BAOMS calls for regulation for high street beauty salons injecting dermal fillers
30 January 2019 (Last updated: 30 Jan 2019 16:02)
For immediate release 30 January 2019
British Association of Oral and Maxillofacial Surgeons calls for regulation for high street beauty salons injecting dermal fillers
The British Association of Oral and Maxillofacial Surgeons (BAOMS) has called for regulation in the UK of therapists who inject dermal fillers in line with European Union (EU) rules.
Caroline Mills, BAOMS Lead on Aesthetic/Cosmetic Surgery and Consultant Maxillofacial Surgeon at Great Ormond Street Hospital, said: “In the EU you have to have a medical licence to inject fillers, but no one in the UK government is saying we need similar regulation.”
While BAOMS agrees with the recent call from MPs that dermal fillers should be considered medicines and the introduction of guidelines, it also goes further and wants to see regulation of the industry.
BAOMS has concerns about the scope of training, health and hygiene issues such as infection control in the high street beauty salon industry. Unfortunately, serious medical complications can result from these procedures such as vascular occlusion, possibly leading to blindness, or severe allergic reactions both of which require emergency medical treatment. It’s recognising and managing these problems that is so important and where patient safety maybe compromised.
There is an increasing cost impact to the NHS to treat high street procedures that go wrong, but the scale of emergency treatment and corrective surgery is as yet unknown because there is no NHS coding for non-surgical treatment problems where the client has to go to A&E.
Caroline Mills points to a recent patient who had taken up the offer of inexpensive dermal fillers that were being promoted at her gym: “The treatment went badly wrong and the patient has now had over 30 facial operations, and has been forced to leave her job.”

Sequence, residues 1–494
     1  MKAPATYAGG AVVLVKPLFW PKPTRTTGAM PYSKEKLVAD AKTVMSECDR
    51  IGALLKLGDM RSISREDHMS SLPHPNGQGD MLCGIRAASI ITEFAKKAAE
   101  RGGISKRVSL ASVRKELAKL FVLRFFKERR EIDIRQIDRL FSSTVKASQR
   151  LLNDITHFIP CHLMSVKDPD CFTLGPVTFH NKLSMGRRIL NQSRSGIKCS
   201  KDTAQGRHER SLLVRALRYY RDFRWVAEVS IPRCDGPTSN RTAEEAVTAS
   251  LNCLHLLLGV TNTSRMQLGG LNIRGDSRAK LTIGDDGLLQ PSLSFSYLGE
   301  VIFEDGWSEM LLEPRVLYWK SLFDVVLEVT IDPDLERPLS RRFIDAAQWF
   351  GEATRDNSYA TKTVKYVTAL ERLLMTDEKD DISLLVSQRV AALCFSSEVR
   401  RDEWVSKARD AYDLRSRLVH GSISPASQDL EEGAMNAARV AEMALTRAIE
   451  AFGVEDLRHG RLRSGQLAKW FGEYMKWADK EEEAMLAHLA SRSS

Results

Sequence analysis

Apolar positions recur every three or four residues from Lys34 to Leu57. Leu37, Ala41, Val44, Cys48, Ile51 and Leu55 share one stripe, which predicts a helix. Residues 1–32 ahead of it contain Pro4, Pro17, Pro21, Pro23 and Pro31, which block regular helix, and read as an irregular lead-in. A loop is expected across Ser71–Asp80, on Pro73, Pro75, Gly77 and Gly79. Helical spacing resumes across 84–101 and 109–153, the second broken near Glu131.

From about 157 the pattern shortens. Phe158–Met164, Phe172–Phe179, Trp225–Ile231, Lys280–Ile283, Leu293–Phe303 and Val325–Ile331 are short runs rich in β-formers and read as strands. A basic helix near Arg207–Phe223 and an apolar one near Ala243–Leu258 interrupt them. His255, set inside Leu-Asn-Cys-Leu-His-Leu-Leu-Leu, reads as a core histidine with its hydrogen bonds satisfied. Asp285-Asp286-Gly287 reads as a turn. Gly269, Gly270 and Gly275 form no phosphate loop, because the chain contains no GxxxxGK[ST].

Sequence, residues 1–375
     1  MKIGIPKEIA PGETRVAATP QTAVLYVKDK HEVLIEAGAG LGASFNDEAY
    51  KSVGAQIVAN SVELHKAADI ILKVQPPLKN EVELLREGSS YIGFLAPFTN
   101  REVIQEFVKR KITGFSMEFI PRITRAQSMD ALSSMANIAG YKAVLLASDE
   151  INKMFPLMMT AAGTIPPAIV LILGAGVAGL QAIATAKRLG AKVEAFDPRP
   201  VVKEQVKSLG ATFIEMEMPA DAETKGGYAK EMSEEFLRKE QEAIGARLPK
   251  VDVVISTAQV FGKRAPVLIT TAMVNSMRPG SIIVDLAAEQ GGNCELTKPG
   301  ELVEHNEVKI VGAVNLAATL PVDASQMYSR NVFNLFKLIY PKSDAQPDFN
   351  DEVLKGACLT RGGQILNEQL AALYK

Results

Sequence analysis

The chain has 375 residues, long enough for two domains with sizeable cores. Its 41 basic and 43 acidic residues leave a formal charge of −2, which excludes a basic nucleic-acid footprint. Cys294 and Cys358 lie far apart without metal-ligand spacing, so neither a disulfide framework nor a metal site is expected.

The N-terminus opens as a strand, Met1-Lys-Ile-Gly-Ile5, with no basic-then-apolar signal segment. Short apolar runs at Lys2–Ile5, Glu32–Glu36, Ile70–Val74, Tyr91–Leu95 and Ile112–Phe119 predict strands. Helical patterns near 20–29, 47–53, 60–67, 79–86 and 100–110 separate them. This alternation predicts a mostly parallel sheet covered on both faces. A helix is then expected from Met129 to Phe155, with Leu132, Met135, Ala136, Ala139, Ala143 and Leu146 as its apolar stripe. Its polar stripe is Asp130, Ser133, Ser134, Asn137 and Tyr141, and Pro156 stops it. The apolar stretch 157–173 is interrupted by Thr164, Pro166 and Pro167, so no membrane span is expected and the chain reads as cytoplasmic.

She said that despite the introduction of the voluntary register for non-surgical treatment practitioners last year patients should be aware that the regulations allow non-medical staff to give non-surgical injectables. “This is disappointing. We need regulation in the UK to protect patients properly.”
For further information and interviews contact: Siân Evans on 020 8674 8921 / 07752 414433 / or BAOMS
Notes to editors
The British Association of Oral and Maxillofacial Surgeons (BAOMS) promotes the advancement of education, research and the development of oral and maxillofacial Surgery in Great Britain, and encourages and assists postgraduate education, study and research.
Joint Council for Cosmetic Practitioners (JCCP)
Cosmetic Practitioner’s Standards Authority
The voluntary register of practitioners qualified to undertake aesthetic treatments, together with a register of education and training providers will come into force from March 2018. The JCCP and CPSA will work together to enforce the regulations. The JCCP will oversee registers of practitioners and training organisations, police standards, while the CPSA will set standards of competence for practitioners and training organisations.
British Association of Dermatologists
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